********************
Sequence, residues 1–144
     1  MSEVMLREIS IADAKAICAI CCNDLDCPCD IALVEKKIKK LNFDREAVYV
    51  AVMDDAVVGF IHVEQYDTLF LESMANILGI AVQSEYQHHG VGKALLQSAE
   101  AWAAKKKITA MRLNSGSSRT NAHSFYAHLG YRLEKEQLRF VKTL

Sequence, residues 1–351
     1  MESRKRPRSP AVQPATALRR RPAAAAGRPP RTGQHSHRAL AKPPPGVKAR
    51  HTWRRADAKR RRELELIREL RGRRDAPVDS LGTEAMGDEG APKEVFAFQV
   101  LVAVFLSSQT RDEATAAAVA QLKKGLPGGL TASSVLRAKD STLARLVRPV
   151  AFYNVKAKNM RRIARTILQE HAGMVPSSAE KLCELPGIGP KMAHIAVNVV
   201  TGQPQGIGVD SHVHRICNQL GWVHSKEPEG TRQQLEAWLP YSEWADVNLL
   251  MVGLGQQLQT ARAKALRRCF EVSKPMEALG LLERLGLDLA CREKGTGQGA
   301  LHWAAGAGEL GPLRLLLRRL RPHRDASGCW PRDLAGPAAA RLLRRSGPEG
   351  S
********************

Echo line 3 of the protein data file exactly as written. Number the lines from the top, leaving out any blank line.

    51  AVMDDAVVGF IHVEQYDTLF LESMANILGI AVQSEYQHHG VGKALLQSAE